Scene from police raid on LGBT youth in Shoemaker Gully in March 2014. (Click image for video.)

“The claim can now be made that New Kingston is safe with the removal of these youth who are seen as criminals. Now. there are thieves who have taken refuge in the gully; this is a known minority for whom the majority invariably takes the blame.

“In the time of my close association with the youth, the usual policing practice was to make a periodic show of force, detaining eight to ten of the youth at a time. Media would be present, and the impression would be given that the police were being tough on crime in New Kingston. However, most of the detainees would be released, some within hours. The remainder would be charged with minor offences such as littering, loitering, or ‘calumnious language.’

“The police have a list of the youth whom they say are ‘wanted.’  The other youth in the gully have tried, without success, to persuade those committing the crimes to cease the theft or leave the gully. The youth point out that the alleged offenders invariably escape while non-offenders are arrested and harassed before being released.

“Recently, some of the youth confronted the most-wanted person on the police list who had once again taken refuge in the gully after committing a serious offence. There was an altercation in which the most-wanted man stabbed one of the youth just before police arrived on the scene. The police allegedly stood by as this most-wanted man stabbed the youth three more times. As this youth lay bleeding on the ground, the others in the gully [allegedly] appealed to the police for help, to no avail. Ultimately, the injured youth was taken to hospital by another set of police who came on the scene. The most-wanted man [allegedly] stood by with the bloody knife, and no attempt was made to arrest him.”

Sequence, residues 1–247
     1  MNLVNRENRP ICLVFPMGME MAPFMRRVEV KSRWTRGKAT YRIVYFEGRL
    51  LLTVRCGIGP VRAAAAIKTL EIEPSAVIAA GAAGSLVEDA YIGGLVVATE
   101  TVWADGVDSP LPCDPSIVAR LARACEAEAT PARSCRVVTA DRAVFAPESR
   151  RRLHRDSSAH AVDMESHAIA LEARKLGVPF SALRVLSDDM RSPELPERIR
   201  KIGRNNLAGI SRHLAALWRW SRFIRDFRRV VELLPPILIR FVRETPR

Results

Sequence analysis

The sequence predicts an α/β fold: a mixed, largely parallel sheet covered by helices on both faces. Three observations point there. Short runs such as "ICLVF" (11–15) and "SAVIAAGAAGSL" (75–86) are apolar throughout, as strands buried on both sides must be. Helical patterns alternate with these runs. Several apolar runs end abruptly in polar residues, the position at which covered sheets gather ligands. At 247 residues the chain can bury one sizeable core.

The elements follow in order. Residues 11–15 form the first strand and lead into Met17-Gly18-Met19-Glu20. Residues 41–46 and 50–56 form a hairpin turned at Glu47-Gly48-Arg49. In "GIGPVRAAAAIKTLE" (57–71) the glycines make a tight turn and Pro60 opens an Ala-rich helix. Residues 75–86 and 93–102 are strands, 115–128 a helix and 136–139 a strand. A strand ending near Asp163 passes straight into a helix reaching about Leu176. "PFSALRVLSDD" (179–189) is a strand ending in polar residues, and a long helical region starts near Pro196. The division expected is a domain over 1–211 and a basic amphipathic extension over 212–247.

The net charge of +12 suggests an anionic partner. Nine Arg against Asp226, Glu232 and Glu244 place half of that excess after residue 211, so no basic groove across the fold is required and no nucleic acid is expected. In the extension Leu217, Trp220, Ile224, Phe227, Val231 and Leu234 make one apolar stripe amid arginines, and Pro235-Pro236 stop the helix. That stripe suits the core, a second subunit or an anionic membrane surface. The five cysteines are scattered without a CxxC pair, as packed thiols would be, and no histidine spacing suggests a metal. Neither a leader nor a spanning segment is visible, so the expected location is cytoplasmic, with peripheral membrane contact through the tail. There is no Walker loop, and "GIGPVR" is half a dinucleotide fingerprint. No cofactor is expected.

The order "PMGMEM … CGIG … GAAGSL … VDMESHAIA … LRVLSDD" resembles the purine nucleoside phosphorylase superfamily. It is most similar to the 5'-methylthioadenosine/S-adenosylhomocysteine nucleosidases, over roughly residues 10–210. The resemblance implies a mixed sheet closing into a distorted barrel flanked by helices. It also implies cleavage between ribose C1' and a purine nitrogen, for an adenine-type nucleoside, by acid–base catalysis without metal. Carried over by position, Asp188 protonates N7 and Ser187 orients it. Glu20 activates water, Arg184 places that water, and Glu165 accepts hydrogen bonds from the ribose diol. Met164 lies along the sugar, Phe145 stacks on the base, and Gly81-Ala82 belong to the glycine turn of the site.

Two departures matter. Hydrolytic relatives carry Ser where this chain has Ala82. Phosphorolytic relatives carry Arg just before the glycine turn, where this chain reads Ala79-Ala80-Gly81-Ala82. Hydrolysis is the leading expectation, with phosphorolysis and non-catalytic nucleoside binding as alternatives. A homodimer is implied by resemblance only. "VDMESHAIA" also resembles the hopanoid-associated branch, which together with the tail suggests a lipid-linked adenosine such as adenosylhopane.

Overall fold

What’s next? McCalla Sobers said:

“There has been some movement toward finding shelter for these youth. The Member of Parliament representing the New Kingston area has identified a space deemed suitable for housing these youth. An entity has allegedly offered to provide funds for setting up this shelter, but these funds would not be available until mid-year if the promise is fulfilled.”

Dane Lewis, executive director of J-FLAG

Dane Lewis, executive director of J-FLAG

Dane Lewis, executive director of the Jamaica Forum for Lesbians, All-sexuals and Gays (J-FLAG), has asked Jamaicans to be more compassionate toward the homeless youths, who he feels have been marginalized and are victims of a hostile society. J-FLAG has urged stronger action by members of parliament to  solve the problem of homeless LGBT youths.

Activist Maurice Tomlinson said that a recent Home 4 the Holidays campaign  raised only about $10,000 Canadian dollars [US$8,500] plus about US$900 for a shelter for the youths — far less than the US$350,000 that was estimated as needed for the proposed purchase.

McCalla Sobers added:

“The current perspective of the youth is that they have risked their safety by showing their faces on multiple documentaries in the hope that the publicity would help them to find stability in their lives. They need tangible evidence to show they are not being abandoned and neglected yet again. Help for these youth cannot come soon enough in 2015. “

Easter dinner for homeless LGBT youths in Jamaica. (Photo courtesy of Yvonne McCalla-Sobers)

In April 2014, supporters donated Easter dinner to homeless LGBT youths living in Shoemaker Gully. (Photo courtesy of Yvonne McCalla Sobers)

This article was revised on Jan. 6 to correct the name of the recent fund drive, Home 4 the Holidays.